Lucy Siegle - Journalist and broadcaster
Lucy Siegle is an accomplished Guardian, Observer and BBC journalist and broadcaster, with a passion for environmental and social justice. She is also the go-to environment expert for Sky News and Good Morning Britain. From the health of the ocean and sustainable fashion, to current affairs and politics, Lucy is a voice that is listened to. In 2018, Lucy wrote Turning The Tide on Plastic: How Humanity (And You) Can Make Our Globe Clean Again.
Plastics and the environment
Listen to the planet (and we should all do this much more) and you’ll hear a faint drumbeat. It’s a beat that will grow louder over the next two years. Because humanity really has just two years to make good on climate emissions otherwise the great dream of the Paris Climate Accord will evaporate.
The Paris Climate Accord is the globally agreed framework that will allow humanity to decouple growth from greenhouse gas emissions rapidly. (Decoupling, by the way, is a favourite phrase of the modern environmental movement and is just one technical remove away from ‘conscious uncoupling’).
To my mind the Paris Climate Accord is a very clever piece of architecture indeed. At its core is the threshold that we must all meet to allow the average global temperature to remain below two degrees (some still aim for 1.5 degrees although this seems very optimistic) above pre-industrial levels. This will give us the best chance of facing down catastrophic climate change. In fact I revere the Paris Climate Accord for a number of reasons, not least, because it is able to withstand the flouncing-off of President Donald Trump whose oft-stated commitment to ‘beautiful, clean coal’ obviously runs counter to humanity’s globally agreed objectives, and the security and stability of Planet Earth. As Columbia University Professor Jeffrey Sachs puts it, getting rid of fossil fuels by mid-century and switching to large-scale renewable energy sources, ‘much faster, much more dramatically’ than political leaders understand is the only way we’re going to make it.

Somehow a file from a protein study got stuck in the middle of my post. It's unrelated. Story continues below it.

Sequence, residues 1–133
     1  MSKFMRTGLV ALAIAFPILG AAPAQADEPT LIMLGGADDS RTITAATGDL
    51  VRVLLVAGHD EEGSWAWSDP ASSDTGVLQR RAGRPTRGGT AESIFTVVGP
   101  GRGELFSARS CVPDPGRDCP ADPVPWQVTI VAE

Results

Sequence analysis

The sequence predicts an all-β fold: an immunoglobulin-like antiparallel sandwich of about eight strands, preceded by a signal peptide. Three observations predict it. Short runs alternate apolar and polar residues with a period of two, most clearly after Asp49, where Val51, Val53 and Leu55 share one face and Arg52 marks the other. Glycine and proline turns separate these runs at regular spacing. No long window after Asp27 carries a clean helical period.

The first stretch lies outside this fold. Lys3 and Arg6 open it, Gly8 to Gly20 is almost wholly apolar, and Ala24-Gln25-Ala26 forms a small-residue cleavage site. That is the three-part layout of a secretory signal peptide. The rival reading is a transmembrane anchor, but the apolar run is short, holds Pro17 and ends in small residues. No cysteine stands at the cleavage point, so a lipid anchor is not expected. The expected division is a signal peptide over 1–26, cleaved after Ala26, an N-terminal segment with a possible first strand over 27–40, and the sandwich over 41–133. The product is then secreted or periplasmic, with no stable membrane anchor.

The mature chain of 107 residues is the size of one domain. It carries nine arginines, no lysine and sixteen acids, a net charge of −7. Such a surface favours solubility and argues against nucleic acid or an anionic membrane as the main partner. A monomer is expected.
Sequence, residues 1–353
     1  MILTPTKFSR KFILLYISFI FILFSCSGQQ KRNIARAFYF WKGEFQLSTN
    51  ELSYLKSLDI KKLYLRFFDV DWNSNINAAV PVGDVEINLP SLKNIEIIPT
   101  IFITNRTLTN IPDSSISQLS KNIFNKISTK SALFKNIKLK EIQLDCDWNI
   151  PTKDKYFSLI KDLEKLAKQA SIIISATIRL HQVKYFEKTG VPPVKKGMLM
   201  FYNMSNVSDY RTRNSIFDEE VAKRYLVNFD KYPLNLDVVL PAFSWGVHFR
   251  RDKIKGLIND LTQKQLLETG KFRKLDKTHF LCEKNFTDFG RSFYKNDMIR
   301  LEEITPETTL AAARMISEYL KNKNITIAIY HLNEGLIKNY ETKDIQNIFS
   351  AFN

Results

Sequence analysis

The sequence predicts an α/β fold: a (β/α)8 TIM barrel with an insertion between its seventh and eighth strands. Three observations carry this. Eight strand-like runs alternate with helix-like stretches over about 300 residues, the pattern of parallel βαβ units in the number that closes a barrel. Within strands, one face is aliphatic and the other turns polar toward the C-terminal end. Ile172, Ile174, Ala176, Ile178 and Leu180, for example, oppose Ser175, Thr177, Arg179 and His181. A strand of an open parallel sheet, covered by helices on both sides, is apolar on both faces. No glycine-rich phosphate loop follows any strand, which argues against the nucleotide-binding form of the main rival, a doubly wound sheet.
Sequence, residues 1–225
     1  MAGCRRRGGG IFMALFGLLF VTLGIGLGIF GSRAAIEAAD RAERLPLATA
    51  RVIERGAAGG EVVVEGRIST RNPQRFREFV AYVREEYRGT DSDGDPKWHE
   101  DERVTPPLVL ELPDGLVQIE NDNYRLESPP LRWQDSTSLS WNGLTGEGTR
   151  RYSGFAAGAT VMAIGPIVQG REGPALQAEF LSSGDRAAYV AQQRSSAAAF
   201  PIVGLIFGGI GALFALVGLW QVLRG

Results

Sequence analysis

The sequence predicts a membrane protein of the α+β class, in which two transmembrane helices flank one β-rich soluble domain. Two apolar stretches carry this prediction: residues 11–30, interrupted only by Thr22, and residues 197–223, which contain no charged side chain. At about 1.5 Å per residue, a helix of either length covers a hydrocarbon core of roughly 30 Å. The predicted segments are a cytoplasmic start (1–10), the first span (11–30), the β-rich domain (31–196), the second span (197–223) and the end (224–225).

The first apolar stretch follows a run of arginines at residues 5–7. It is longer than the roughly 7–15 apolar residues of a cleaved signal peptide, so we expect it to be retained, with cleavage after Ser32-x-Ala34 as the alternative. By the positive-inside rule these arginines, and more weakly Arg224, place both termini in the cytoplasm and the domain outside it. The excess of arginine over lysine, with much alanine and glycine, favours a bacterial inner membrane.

But in order to achieve this, the faint drumbeat must grow to a thudding, persistent thunderclap of awareness and action. As I say, that is happening. I can practically hear the engines warming up on the tarmac as the executive assistants of the climate A-listers, Al Gore, Leonardo DiCaprio and Christiana Figueres book their diaries solid with UN summits and pre-summits.
Given those jet engines are powered by kerosene (and that aviation emissions are amplified by a phenomenon known as radiative forcing) it’s easy to point out the obvious flaws in high profile humans speeding around the world to save the planet. But, at this juncture I think we should put the cynicism to one side and jump on board.